Until recently, the commodities market was largely seen as the domain of producers and sophisticated traders.
Not so any more: Rising inflation and the war in Ukraine are stark reminders of how commodities – and the markets, climate and geopolitics that govern them – affect us all.
We’ll break all these forces down in the weeks ahead, but today let’s begin with the basics: Commodities are raw materials or agricultural products that can be bought and sold. Commodities of the same grade are fungible (or interchangeable – we are hearing about non-fungible tokens, or NFTs, lately so this may help to identify the difference).
Commodities are divided into the following groups:
- Energy including oil, gas and derivatives, as well as coal;
- Metals including base (or industrial) and precious;
- Agricultural products including corn, soybean, as well as lumber;
- Livestock including beef, pork and poultry.
A commodity’s price goes up the more it is needed or the scarcer it becomes. Conversely, commodities that are abundant or not in demand will see their prices fall. A rising and falling cycle of pricing is common throughout the commodity complex. We will dig deeper into this as we discuss individual commodities in later columns.
Commodities are traded on a futures market (such as the Chicago Mercantile Exchange); futures contracts can be used for price protection or for speculation. For example, a sawmill owner may buy a futures contract to lock in lumber prices for its production, whereas a trader may believe a commodity is going up in price and takes a speculative (”long”) position.
Individual commodities are priced daily and the most widely followed index is the CRB (Commodity Research Bureau) Index, which tracks 19 commodities. The accompanying chart shows the Federal Reserve global price index of all commodities since 2003. We see a few points of interest here, especially the 2008-09 market drop, and again in 2014-15, and certainly the rapid rise since March of 2020.
What’s been happening recently?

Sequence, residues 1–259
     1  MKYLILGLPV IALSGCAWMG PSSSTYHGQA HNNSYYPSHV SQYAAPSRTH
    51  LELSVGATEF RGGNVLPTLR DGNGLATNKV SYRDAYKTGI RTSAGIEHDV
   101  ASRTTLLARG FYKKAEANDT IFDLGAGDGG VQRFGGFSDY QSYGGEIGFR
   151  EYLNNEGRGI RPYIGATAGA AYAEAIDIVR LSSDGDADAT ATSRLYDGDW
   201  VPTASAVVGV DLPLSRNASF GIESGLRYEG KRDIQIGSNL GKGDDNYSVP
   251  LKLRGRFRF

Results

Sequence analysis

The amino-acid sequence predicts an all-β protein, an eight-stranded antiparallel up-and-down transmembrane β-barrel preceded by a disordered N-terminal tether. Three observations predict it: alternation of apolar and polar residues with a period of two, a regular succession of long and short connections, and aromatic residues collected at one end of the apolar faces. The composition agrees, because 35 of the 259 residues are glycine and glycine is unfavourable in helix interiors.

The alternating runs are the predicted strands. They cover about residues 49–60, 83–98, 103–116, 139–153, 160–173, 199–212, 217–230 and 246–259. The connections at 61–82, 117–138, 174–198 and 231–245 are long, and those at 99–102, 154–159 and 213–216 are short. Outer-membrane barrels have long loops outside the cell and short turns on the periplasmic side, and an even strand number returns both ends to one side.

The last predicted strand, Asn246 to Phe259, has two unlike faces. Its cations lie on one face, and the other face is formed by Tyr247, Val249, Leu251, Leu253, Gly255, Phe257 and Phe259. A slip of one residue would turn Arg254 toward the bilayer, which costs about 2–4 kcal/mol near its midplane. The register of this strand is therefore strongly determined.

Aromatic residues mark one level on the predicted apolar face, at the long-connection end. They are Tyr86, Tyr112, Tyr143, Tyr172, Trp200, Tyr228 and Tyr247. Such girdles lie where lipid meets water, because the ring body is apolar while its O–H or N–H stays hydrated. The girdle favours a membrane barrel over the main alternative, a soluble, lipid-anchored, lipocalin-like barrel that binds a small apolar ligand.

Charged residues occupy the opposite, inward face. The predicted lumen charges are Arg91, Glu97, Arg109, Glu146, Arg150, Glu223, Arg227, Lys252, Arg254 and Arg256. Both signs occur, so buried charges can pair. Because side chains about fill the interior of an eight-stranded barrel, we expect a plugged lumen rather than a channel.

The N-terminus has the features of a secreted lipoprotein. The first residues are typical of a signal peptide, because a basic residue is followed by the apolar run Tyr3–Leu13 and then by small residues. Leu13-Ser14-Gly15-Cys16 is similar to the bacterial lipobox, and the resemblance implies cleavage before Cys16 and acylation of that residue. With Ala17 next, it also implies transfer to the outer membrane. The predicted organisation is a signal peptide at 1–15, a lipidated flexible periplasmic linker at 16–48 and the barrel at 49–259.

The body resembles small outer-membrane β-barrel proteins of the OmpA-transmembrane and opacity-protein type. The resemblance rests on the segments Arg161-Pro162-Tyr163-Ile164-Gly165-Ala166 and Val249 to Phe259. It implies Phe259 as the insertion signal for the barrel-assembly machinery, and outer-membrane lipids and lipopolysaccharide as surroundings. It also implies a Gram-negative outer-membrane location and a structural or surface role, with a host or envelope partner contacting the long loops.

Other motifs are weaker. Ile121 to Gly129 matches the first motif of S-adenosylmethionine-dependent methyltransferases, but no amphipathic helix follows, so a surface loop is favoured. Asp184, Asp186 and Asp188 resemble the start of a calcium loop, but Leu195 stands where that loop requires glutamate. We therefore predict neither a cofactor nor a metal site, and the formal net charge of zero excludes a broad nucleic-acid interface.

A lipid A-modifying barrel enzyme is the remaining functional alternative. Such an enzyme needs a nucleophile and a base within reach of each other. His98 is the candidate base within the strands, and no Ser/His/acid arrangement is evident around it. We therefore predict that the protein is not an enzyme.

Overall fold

Commodity prices have been spiking. The U.S. Federal Reserve and the war in Ukraine both play major roles.
As part of the response to COVID, in March, 2020, the Fed cut its federal funds rate by 1.5 percentage points to essentially zero and commenced another quantitative-easing program to steady the bond market. Both of these actions were purposefully inflationary. Higher inflation means a weaker currency so commodities that are priced in that currency rise in price.
To put all of this in perspective, both the U.S. two- and 10-year Treasuries are in the range of between 2 per cent and 2.5 per cent, whereas inflation in Canada and the United States in February rose year over year, 5.7 per cent and 7.9 per cent, respectively. The implication is eroding purchasing power, with prices rising at between 6 per cent to 8 per cent, yet savings only generating 2.5 per cent. Wage inflation is also rising in both Canada and the U.S., which adds to demand for commodities, driving their prices higher.
The conflict in Ukraine is also having a direct impact on commodity prices. Ukraine supplies 11 per cent of the world’s wheat, 17 per cent of the world’s corn and about half of the global supply of semiconductor-grade neon gas. Russia produces 12 per cent of the world’s oil and 17 per cent of the world’s wheat.
Availability of both wheat and corn from Ukraine are expected to be diminished significantly this year because of the war, while international sanctions are limiting the demand for Russian commodities (although we are hearing of countries such as India buying Russian oil at a discount).
A broader humanitarian concern is diminished food availability in countries with low reserves.
There are a myriad of influences affecting commodity prices. We will delve into more detail on a specific commodity in the next column.
Brian Donovan, CBV, is the president of StockCalc, a Canadian fintech based in Miramichi, N.B.
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